Rand Paul Shrugs Off Polling Supportive of $1,400 Checks, 'Hard to Say No' To Free Money

Democrats, including President Joe Biden, often cite polling to show support for the American Rescue Plan, but Senator Rand Paul questioned the validity of it because it's difficult for people to say no to "free money."

Biden signed the American Rescue Plan, a $1.9 trillion relief package, on Thursday, and $1,400 stimulus checks could start being deposited in people's bank accounts this weekend. It passed the house along party lines without any Republican support, but polls show a majority of Americans, including Republicans, support another round of stimulus checks and think $1,400 is the right amount.

Senator Rand Paul, who's pushed back on additional relief, told WKRC on Friday it wasn't surprising that people are supportive of a third round of direct payments.

"When you poll an audience or whole public and you say, 'Would you like free money? Would you like us to send you a $1,400 check?' It's kind of hard to say no," Paul said. "Members of my family got the check, my kids got the check. Are they going to send it back? No. Somebody sent them free money."

rand paul stimulus checks $1,400
Senator Rand Paul dismissed polling supportive of $1,400 checks because it's "hard to say no" to free money. Paul speaks during a hearing with the Senate Health, Education, Labor, and Pensions committee to examine the nomination of Miguel A. Cardona, of Connecticut, to be Secretary of Education on Capitol Hill on February 3 in Washington, D.C. Previously Cardona served as Connecticut's Education Secretary. (Photo by Anna Moneymaker-Pool/Getty Images) Anna Moneymaker-Pool/Getty Images

A Quinnipiac University poll released on February 3 found 64 percent of Republicans support $1,400 payments, nearly double the amount of support there was for the package overall. A Yahoo survey released on February 24 had similar findings and 51 percent of Republicans thought $1,400 was the "right" amount in a Monmouth University poll released on March 3.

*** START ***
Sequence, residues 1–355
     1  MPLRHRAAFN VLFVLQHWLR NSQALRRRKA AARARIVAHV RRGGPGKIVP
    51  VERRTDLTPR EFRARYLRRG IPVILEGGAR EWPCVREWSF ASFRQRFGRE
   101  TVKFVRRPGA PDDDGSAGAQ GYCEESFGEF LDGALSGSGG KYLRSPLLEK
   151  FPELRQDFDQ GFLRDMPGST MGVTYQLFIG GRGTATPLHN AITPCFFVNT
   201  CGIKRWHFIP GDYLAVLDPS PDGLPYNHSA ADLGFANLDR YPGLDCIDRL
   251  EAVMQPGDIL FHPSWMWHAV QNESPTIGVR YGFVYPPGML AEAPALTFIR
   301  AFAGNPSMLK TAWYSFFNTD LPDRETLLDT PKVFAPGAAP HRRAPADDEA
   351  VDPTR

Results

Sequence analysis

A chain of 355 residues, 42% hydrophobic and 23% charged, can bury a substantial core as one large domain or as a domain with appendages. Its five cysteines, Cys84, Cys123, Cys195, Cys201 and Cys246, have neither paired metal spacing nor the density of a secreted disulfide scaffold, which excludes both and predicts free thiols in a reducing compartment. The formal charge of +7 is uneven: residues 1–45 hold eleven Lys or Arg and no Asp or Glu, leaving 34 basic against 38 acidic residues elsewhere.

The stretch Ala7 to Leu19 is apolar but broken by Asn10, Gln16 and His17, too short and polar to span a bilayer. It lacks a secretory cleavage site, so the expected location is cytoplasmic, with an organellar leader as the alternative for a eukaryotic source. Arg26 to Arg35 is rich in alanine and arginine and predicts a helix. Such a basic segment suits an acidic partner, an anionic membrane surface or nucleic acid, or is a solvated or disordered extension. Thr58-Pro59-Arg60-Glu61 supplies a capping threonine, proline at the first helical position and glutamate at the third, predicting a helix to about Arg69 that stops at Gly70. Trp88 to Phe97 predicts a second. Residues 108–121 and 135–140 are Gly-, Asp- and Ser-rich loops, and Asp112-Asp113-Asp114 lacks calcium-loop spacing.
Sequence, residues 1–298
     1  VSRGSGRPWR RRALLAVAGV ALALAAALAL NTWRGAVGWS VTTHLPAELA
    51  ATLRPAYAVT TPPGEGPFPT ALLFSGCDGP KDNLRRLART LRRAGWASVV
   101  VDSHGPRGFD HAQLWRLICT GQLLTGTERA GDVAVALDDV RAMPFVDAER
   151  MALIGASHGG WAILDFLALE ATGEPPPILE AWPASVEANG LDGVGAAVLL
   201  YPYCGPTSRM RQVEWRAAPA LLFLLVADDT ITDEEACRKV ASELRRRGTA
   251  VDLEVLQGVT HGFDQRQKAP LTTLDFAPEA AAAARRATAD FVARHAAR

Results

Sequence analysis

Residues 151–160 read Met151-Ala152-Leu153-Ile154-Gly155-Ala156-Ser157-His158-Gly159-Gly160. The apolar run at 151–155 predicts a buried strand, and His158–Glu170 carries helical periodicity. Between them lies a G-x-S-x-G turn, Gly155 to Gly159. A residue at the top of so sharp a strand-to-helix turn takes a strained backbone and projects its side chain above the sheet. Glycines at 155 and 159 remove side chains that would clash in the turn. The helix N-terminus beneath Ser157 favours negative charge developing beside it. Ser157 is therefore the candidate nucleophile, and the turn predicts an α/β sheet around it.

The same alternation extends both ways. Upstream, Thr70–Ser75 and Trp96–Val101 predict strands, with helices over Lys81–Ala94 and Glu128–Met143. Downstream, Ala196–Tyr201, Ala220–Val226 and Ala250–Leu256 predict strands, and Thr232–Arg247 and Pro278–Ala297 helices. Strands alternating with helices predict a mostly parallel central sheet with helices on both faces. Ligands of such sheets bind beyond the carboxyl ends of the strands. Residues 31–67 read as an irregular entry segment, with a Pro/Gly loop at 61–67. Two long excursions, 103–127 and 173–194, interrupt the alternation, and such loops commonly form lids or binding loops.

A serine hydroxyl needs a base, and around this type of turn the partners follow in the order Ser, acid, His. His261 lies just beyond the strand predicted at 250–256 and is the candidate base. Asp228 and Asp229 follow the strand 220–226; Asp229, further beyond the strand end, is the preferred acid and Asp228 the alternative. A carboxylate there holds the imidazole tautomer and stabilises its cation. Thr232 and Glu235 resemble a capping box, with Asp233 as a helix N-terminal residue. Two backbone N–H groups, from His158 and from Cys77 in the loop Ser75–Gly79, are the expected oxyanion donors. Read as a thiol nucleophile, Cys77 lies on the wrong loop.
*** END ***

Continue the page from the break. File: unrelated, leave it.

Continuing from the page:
Despite strong support from the public for another round of payments, Paul said it's the job of Congress to look past that and think about the long-term impacts of government spending. He raised concerns about people creating a bubble in the stock market if they use the payments to invest in stocks.

The majority of Americans say they will use the $1,400 payment to pay bills, buy groceries or put it into their savings accounts. However, some people used their first two payments to invest in the stock market and a Deutsche Bank poll found half of young investors between the ages of 25 and 34 planned on using their third stimulus check to purchase stocks.

"There may be an artificial boom created by this new artificial money that there may be a correction ultimately as too much money gets into the market," Paul said.

He's also concerned about inflation and that it's only "common sense" for people to respond "yes" to a question asking if they want a $1,400 check. However, if they asked a second question asking if people thought the country would face problems if it repeatedly sent payments, that they'd find many people don't think "money grows on trees and there is no such thing as a free lunch."

"Really, only hard work gets you money," Paul said. "I think most people asked the second question would have reservations about this."